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Marine Policy 26 (2002) 261–270

Environmentally sustainable cruise tourism: a reality check

David Johnson*
Maritime and Coastal Studies, Southern Institute, East Park Terrace, Southampton SO14 OYN, UK
Received 8 November 2001; received in revised form 7 February 2002; accepted 17 February 2002


Cruise tourism continues to be a major international growth area. In terms of achieving sustainable tourism it is, therefore, a sub-
sector within which socio-economic, cultural and environmental considerations need to be continually analysed, addressed and
monitored. The environmental impacts of cruise tourism are categorised in this paper and potential strategies that can be employed
by both cruise line operators and cruise tourism destinations are explored. Secondary evidence of action by both parties suggests
that the industry is taking a number of belated positive steps. However, decision-makers in cruise tourism destinations, particularly
those outside North America, need to work closely with operators to facilitate both integrated waste management and
intergenerational and intra-societal equity rather than merely accept the prospect of short-term economic gain. r 2002 Elsevier
Science Ltd. All rights reserved.

Keywords: Cruise tourism; Environmental carrying capacity; Intergenerational equity; Intra-societal equity; Life-cycle analysis; Sustainable tourism

1. Introduction onmental attractions which visitors come to a

location to experience’’ (Glasson et al. [4], p. 27).
Since the early 1970s sustainable development has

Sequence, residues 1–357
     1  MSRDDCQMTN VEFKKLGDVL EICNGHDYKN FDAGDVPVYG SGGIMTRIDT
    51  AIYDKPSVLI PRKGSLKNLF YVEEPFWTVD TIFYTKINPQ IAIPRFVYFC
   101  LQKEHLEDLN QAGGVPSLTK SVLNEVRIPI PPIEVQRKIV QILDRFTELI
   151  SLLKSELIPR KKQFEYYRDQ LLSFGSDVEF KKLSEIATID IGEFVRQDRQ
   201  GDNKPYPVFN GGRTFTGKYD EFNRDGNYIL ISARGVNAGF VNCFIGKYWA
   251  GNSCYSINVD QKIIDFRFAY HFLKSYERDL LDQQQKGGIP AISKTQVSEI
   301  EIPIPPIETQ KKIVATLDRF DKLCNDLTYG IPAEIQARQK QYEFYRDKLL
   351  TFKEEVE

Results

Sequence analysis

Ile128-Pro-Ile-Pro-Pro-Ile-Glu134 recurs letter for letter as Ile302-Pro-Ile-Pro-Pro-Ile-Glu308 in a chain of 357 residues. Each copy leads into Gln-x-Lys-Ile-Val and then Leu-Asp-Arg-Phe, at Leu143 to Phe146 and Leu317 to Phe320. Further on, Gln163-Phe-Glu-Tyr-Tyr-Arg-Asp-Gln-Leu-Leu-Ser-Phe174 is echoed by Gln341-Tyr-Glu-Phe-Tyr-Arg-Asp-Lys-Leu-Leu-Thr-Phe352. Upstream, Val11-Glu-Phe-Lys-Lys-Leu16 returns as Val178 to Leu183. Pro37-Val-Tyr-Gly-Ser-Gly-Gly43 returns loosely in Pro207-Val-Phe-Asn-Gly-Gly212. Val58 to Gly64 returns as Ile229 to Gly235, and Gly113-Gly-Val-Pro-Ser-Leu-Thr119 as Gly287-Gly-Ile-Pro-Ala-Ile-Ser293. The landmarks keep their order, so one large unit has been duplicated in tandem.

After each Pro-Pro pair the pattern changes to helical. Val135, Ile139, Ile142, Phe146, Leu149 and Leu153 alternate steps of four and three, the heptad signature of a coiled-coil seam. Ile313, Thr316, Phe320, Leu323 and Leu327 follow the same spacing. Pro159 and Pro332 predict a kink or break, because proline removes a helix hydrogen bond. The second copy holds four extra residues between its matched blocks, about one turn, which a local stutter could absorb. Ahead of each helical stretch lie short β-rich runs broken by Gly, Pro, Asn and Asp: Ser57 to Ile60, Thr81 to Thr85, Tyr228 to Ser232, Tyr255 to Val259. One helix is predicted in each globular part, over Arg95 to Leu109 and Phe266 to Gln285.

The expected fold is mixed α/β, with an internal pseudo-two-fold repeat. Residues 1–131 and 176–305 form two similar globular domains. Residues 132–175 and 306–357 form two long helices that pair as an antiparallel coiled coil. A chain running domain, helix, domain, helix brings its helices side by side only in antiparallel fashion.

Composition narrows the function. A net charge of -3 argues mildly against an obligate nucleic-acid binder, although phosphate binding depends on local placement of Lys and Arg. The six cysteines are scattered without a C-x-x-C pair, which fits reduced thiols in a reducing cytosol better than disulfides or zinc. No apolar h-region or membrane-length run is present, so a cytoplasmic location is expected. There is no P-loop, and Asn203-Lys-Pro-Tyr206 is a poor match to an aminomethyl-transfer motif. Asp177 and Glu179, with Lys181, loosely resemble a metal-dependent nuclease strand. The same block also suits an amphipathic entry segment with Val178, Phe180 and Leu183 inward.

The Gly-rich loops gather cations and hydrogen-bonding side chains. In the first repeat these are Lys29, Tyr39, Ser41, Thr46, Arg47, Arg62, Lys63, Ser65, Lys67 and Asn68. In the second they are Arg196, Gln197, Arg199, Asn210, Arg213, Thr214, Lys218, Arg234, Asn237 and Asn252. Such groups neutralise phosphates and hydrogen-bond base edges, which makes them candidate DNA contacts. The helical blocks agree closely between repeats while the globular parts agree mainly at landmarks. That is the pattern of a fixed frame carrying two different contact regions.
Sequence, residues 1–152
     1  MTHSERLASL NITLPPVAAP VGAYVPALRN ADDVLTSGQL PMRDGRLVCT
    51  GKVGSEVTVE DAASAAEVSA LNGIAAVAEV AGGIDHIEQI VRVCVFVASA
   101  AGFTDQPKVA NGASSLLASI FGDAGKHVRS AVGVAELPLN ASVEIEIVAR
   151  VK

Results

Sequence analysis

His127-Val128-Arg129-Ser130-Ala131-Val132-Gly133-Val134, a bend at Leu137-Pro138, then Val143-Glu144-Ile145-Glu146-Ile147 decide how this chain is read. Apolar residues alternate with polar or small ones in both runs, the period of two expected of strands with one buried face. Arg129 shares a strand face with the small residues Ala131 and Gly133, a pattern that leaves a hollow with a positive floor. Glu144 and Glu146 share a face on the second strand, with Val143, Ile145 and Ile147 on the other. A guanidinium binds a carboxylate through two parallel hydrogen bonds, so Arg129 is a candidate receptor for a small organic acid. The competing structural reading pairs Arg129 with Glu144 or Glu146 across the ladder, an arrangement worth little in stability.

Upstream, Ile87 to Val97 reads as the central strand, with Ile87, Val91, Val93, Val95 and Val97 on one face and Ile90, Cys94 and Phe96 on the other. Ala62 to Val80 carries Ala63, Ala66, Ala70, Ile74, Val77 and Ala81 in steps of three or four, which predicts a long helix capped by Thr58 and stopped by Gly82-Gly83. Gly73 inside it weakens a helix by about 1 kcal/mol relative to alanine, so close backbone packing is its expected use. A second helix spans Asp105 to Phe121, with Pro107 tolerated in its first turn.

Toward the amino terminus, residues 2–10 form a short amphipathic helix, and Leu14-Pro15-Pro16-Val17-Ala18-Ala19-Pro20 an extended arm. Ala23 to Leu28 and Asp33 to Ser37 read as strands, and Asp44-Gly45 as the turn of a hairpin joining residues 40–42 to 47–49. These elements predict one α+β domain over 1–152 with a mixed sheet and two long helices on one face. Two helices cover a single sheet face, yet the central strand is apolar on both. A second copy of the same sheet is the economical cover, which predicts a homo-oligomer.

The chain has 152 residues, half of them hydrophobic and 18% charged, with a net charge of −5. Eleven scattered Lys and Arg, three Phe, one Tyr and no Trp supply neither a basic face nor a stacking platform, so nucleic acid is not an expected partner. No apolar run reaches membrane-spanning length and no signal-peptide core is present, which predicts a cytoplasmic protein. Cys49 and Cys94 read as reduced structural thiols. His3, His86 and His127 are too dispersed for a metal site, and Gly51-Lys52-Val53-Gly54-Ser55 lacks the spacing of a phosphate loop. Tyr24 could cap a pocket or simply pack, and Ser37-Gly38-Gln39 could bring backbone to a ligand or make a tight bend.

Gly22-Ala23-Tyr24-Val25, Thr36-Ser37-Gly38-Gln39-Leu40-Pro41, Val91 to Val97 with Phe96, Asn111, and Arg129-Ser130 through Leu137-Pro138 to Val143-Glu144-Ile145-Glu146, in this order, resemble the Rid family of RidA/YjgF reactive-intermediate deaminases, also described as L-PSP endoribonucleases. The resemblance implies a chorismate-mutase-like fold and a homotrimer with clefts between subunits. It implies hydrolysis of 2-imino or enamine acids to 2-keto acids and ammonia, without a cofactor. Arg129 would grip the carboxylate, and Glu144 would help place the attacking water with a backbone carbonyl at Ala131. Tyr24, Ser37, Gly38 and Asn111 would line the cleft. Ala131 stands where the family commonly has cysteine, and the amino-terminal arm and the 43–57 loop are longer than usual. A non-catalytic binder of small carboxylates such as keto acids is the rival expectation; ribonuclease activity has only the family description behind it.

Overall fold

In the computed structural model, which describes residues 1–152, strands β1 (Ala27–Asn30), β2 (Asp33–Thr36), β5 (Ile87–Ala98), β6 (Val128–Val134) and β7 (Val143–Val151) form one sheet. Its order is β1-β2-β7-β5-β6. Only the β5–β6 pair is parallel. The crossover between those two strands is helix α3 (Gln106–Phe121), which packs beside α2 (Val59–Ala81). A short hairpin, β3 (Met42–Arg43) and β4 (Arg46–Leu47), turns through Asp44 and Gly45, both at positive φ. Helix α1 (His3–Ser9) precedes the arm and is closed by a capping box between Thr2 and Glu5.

Alternatively, in theory, tourism can embrace sustain-
become a unifying concept for environmental planning.
ability principles by having regard for environmental
Politically, sustainability ideals have been given promi-
carrying capacity, social responsibility and the integra-
nence at the UNCED Conference in 1987, the Earth
tion of tourism with local peoples’ wishes [5–8]. In 1992
Summit in 1992 and through implementation of Agenda
Tourism Concern and Worldwide Fund for Nature
21. However, the delivery of sustainable development,
defined sustainable tourism as tourism and associated
translating theory into practice, has proved elusive. The
infrastructure that both now and in the future [9]:
concept makes important links between environmental
conservation and socio-economics (i.e. quality of life) * operates within natural capacities for the regenera-
but contentious issues include the balance between hard tion and future productivity of resources—natural,
and soft sustainability; how the environment is valued; social and cultural;
and how to address the dominance of unsustainable * recognises the contribution that people and commu-
vested interests. nities, customs and lifestyles past and present, make